In collaboration with Tony Wang from the consultancy firm Office of Applied Strategy and Highsnobiety, a report has been released that reveals details about where brands are not reaching Chinese consumers and what they can do in order to appeal to the next generation.

Highsnobiety’s comprehensive report, titled “The New Key Opinion Leader Is Here”, suggests that brands should update their knowledge of influencer marketing China in light of the new type of influencer taking over the authority.

A paper explains that Chinese influencers are 10 times more likely to drive social commerce than those in the US. It is estimated that the US has 242 million dollars.

Tianwai Zhu, WWD’s marketing editor, considers these influencers irreplaceable. They are integral to China’s rapid and significant economic development. The influence-driven economy is not a market for Western marketing techniques. It takes into consideration the entire social structure of the country.

woman holding star-themed string lights

The Cultural Opinion Leaders

Although the report acknowledges the continued importance of Key Opinion leaders (KOLs) in China and their influence, it suggests that brands tend to rely on a small number of KOLs.

Denni Hu, senior editor at Vogue Business China, stated in a quote, “Most brands are too focused on short-term numbers, copying one another, and not really innovating. It’s not easy to find established KOLs with big brands. It becomes more difficult to distinguish if everyone is working with them.”

Highsnobiety offers an alternative. It introduces readers to the Cultural Opinion Leaders, a new variant of the KOL that is driven by Gen Z. They have grown up using other platforms, replacing Weibo or WeChat.

The report reveals that they were raised in China after 1990s. It also suggests that their cultural contexts, values, and motivations are different. They have been able to connect with younger audiences authentically, which has allowed them to quickly rise up the ecosystem.

The research was conducted by four KOLs, four industry professionals, and three brands. Emily Sly was the VP of global marketing for Crocs. Edison Chen, an actor and cofounder of Clot and Leaf Greener, was also involved. Each participant offered their perspective on how brands approach China’s market and highlighted common misconceptions about the market.

“The next generation KOLs in China will create culture …”

Many people assume that China is isolated from the internet. However, those who were interviewed said this was not true. The creative community in China has expanded its horizons through the use of virtual private networks (VPNs), and an increased interest in traveling abroad.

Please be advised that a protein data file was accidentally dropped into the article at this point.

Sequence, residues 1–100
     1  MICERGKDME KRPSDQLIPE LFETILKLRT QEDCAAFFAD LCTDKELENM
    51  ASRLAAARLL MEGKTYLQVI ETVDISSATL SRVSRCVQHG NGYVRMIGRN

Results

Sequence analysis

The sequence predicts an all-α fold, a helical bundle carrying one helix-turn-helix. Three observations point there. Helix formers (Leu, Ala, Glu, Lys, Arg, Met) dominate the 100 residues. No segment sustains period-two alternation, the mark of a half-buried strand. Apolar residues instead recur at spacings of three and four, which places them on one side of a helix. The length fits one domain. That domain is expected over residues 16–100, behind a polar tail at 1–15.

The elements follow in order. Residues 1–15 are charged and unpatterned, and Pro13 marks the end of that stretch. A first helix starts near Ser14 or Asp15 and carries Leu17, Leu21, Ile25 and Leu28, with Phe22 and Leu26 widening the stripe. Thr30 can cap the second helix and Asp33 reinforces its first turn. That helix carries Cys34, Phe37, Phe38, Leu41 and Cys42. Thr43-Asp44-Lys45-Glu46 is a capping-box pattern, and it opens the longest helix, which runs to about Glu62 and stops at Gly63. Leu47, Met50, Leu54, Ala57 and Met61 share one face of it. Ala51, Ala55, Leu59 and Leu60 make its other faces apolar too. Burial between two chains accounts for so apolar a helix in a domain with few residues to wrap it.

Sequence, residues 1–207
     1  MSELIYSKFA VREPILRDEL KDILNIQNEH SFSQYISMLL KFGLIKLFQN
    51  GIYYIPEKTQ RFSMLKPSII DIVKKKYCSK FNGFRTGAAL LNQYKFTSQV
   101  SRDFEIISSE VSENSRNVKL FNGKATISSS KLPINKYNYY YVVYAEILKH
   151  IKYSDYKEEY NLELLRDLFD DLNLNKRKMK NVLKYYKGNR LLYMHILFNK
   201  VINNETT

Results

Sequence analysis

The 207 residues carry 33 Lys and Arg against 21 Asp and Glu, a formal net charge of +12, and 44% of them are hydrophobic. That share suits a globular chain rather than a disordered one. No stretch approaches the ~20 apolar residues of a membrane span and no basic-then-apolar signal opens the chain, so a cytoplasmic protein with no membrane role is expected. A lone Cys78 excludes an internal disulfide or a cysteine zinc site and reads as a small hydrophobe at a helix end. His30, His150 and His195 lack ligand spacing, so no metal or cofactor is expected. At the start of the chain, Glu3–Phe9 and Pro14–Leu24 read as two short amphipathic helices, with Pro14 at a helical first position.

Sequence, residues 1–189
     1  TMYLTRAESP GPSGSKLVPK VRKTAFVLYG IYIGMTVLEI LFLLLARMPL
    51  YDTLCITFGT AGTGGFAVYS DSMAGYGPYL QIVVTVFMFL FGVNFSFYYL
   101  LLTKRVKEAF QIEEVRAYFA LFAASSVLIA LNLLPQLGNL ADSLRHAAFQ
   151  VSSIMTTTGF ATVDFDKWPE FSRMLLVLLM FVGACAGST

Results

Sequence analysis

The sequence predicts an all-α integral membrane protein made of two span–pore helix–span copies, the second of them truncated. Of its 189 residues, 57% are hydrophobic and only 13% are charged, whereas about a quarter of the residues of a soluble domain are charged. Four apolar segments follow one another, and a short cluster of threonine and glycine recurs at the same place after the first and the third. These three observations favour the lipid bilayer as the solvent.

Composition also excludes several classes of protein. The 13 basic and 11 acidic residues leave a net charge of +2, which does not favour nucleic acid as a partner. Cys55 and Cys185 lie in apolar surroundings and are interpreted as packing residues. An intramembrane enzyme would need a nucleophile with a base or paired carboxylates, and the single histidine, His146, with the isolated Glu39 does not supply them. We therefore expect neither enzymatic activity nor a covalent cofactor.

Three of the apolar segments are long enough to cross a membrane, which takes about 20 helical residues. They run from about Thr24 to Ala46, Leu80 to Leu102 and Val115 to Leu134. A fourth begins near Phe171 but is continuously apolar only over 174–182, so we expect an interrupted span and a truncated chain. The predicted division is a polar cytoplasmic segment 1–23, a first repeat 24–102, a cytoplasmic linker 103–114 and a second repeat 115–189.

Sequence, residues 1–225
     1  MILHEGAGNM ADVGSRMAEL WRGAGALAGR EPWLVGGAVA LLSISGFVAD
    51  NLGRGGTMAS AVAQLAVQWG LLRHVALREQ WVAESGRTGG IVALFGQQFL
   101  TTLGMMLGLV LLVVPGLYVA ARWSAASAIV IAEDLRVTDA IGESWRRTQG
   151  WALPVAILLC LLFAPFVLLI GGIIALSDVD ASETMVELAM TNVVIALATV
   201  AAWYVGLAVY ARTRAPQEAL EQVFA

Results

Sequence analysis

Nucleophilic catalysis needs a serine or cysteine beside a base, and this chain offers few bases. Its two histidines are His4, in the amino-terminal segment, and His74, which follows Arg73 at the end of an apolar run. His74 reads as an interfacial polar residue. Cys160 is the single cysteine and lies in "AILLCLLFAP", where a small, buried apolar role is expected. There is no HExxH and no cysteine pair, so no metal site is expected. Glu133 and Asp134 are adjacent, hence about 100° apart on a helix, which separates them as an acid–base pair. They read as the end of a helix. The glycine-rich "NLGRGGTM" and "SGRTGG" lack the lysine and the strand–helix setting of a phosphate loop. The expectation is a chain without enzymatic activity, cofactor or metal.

Chen stated that he believed the next generation in China’s KOLs would create culture by combining international and domestic references online, and then translating it into their own creations. It is now coming back to the community and building it.

Another misconception was about social media platform usage. Brands still look to Weibo and TikTok as their central point of contact with Gen Z, despite the growth in Bilibili, and Little Red Book. Influence can be only credited to one KOL per platform, unlike Western social media.

It also notes that traditional KOLs in the strategy’s heart don’t always mean sustainable growth and brand relevance.

Emily Sly said, “We are really beginning to think about ways to deepen our relationships with our KOLs. Involving them in the product development process and getting feedback from them. We believe that integrating influencers and partners into the brand’s design and branding process is part of the solution.”

There are main differences between the traditional KOLs, and the new COLs.

The new COLs focus more on dialogue and engagement than their predecessors. They have less desire to promote aspirational lifestyles and more emphasis on building community around topics.

They are focused on bringing together both local and global cultural circles, rather than imposing significant influence from China. This report identifies a new sense of cultural pride and cites brands that have taken on this challenge, taking into account Chinese culture.

Hazel Meng, a prominent KOL, said that “I have a lot national pride. I love it when brands interact with Chinese culture and audiences in an elegant way. I don’t like when brands force us to do something. I don’t like when brands use a symbol to adorn products, such as the phoenix on a bag. This is what a non-Chinese designer believes we want.”

She said, “For example, Prada has been a true love for me over the past few decades, and they have the rare distinction of supporting the restoration of an historic building in Shanghai called Rong Zhai. They host all their events in the house. It includes a mix of fashion, cinema, and art.”

Meng stated that this quality is closely related to the desire for authenticity. They get upset at me if it doesn’t feel genuine.

The report also outlines possible strategies that brands can use to approach this new generation of culturally-aware consumers. It also highlights the current “influencer fatigue” among consumers.

These COLs, Highsnobiety argues, will be the key to connecting with China’s next generation of consumers. “Brands that harness the cultural credibility and influence of these COLs will have a long-term success in China.”

The report concludes that engagement is more important than reaching, authority over aspiration, community over following.

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